Practice and learning editor Kathryn Godfrey brings to Nursing Times her experience of being both a nurse and a journalist.
Kathryn trained at St Bartholomews’s Hospital, London and worked as a staff nurse in cardiac care before specialising in health visiting. Her work as a health visitor and family planning nurse for Islington and Tower Hamlets has left her passionate about public health interventions and what they can do to improve people’s health and reduce the disease burden on the NHS.
After studying for a post-graduate qualification in journalism, Kathryn has focused on health writing and editing. She has written news and features for a wide range of publications including the British Medical Journal and Health Service Journal.
As well as clinical issues and health policy, Kathryn has a strong interest in consumer health, writing a series of mini-books on topics such as first aid and women’s health as well editing a consumer guide to prescription drugs.
Working with her jobshare partner Ann Shuttleworth, Kathryn is responsible for overseeing the practice content of Nursing Times, and for developing Nursing Times Learning, a valuable educational offering for our nurse audience. This suite of online units is written by expert nurses, the testing element within them allows nurses to see how their knowledge has increased and the personalised certificates can be used to demonstrate PREP requirements.
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Patients have a right to be rudeSubscription
Rudeness from a patient can be hard for nurses to deal with – particularly if it comes at the end of a long and stressful day.
While most people will be taking an extended break from work, nurses around the country will be delivering care to the one in four of the population with a long-term condition.
'Work away from the bedside matters too'Subscription
There has been much discussion and indeed criticism of how much time nurses waste in form filling and with time-consuming documentation. Undoubtedly some of this time is unnecessary and some of the forms are just filed in a big black hole.
Dementia link to commonly used medicinesSubscription
Regular use of medicines with an anticholinergic effect have been linked to an increased risk of dementia.
A free online learning unit launched today aims to educate nursing staff in preventing avoidable harm from dehydration.
Our newest free unit outlines how nurses in all healthcare settings can reduce liver disease by identifying patients with risk factors for the three major types of liver disease – alcohol, hepatitis B and C, and obesity leading to non-alcoholic fatty liver disease.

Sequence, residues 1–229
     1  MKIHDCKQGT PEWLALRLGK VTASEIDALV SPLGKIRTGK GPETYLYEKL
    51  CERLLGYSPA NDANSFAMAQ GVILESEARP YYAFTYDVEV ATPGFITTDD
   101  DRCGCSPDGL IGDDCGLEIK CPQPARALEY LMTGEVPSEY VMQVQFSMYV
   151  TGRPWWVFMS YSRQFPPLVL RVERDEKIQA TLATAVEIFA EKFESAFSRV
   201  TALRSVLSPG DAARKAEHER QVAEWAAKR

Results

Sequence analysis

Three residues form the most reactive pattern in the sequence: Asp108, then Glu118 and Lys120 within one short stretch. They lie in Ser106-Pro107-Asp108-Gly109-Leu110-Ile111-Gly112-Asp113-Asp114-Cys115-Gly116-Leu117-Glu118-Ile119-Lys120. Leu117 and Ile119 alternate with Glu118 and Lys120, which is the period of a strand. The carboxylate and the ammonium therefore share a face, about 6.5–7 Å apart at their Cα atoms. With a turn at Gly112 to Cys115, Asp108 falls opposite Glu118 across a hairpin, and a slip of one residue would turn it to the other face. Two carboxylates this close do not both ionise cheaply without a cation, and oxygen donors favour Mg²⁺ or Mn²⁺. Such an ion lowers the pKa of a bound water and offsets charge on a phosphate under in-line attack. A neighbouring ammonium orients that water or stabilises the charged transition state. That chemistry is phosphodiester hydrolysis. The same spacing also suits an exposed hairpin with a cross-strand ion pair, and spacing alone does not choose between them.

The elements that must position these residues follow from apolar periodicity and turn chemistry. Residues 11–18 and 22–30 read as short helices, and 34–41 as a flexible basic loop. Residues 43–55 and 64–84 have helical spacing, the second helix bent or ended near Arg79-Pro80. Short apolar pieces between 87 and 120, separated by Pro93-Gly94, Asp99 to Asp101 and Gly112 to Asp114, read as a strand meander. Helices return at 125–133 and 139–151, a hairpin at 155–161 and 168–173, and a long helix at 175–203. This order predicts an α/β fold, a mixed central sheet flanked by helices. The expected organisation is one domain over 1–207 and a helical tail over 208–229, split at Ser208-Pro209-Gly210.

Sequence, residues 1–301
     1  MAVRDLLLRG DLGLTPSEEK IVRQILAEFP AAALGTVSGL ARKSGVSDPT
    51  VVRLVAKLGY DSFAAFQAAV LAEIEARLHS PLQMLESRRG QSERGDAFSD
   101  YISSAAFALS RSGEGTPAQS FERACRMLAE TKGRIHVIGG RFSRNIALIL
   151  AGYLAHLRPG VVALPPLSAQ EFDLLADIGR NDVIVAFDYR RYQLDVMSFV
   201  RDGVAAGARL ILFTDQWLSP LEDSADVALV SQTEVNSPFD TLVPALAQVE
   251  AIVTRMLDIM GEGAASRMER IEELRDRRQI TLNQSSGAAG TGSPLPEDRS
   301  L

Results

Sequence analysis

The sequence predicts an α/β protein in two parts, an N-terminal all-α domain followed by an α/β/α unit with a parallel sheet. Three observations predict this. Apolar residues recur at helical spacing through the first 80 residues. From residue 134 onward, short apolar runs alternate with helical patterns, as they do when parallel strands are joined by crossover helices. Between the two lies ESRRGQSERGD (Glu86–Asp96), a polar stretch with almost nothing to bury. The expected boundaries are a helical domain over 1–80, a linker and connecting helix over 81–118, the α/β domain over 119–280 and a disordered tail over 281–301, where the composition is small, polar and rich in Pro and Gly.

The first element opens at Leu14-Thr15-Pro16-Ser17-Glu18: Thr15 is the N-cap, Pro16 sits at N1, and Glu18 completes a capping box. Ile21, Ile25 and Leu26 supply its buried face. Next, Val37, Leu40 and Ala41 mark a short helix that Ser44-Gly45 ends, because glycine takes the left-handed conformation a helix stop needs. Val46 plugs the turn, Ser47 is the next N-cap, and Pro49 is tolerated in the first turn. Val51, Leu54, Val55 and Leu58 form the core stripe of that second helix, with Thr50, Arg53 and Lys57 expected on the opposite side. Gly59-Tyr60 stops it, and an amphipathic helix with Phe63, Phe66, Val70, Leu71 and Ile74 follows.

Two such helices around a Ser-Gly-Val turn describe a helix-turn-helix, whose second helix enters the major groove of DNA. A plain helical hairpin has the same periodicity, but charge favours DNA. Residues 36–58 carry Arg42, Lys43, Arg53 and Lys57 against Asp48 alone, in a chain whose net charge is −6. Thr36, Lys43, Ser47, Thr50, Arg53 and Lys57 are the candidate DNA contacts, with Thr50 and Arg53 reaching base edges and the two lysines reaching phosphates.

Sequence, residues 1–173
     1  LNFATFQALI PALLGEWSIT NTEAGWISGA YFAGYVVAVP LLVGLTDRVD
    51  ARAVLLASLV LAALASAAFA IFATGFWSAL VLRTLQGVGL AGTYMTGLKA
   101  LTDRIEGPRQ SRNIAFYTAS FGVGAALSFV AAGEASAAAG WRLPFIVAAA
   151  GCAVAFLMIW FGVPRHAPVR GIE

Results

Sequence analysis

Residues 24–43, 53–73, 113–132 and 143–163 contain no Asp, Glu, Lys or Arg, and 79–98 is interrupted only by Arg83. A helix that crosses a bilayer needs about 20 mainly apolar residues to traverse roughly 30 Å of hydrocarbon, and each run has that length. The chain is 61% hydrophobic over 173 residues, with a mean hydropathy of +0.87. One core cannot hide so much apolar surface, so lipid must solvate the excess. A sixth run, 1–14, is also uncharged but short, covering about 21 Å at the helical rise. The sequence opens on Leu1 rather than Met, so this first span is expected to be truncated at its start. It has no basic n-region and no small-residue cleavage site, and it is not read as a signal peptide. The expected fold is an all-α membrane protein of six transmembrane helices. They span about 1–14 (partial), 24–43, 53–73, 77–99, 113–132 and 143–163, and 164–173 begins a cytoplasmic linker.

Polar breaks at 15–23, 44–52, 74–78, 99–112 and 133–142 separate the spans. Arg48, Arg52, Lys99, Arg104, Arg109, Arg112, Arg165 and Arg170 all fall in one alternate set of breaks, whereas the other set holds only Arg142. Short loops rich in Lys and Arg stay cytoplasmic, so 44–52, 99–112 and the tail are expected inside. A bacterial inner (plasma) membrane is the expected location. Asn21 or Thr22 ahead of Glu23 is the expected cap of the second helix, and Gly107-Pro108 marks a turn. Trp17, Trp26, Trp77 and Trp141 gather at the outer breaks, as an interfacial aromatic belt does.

Shifts should be organised so that staff are not taking breaks at the same time as patients are being served meals, according to Hard Truths the government response to the Francis report.
The government response to the Francis report has confirmed that student nurses will need “up to a year” as a healthcare assistant before their degree but does not specify the minimum experience required.
The government has continued to reject the creation of a registered older person’s nurse as called for in the Francis report.
Anaemia is often overlooked as its symptoms – shortness of breath, palpitations, headache and dizziness, for example – can be put down to a range of other conditions.
But has this often-voiced criticism meant that all organisational work has been lumped in together as not being a good use of nurses’ time.
Analysis of complaints sent to the health service ombudsman has found that not receiving an adequate apology is the most common complaint, accounting for a third of cases last year.
There is more to planning a hospital discharge than ordering medications and booking the transport. All the care and treatment that patients receive while in hospital can be compromised if their discharge home leaves them vulnerable.
Patients who suffer from delirium are more likely to have poor outcomes according to a systematic review and meta-analysis published last week.A third of patients admitted to ICU were found to develop delirium. These patients were found to have an increased ...
The nature of weekends have changed over the years. Fifty years ago pretty much everything stopped on a Sunday. If you went into the centre of a town it would be eerily quiet – unlike today.
It seems the tide may be turning on the way older people are treated in the NHS, with the need to develop and improve this important area of care at last being acknowledged and acted on. There were two announcements this week that gave me hope that change is coming.
The topic of when and for how long relatives and friends can visit on hospital wards has long been a much discussed topic. Open visiting versus fixed-hours visiting? Should it be the same for every ward and department? Can children visit? How many visitors should be allowed at one time?
In healthcare nothing stands still or stays the same.
When I visited my mother in hospital on Christmas Day I felt very grateful to the staff, who were working as hard as always. My mother’s needs were as acute on that day as on any other.
Last week we reported that staff at Doncaster Royal Infirmary are trialling a traffic light-style hand hygiene reminder tool.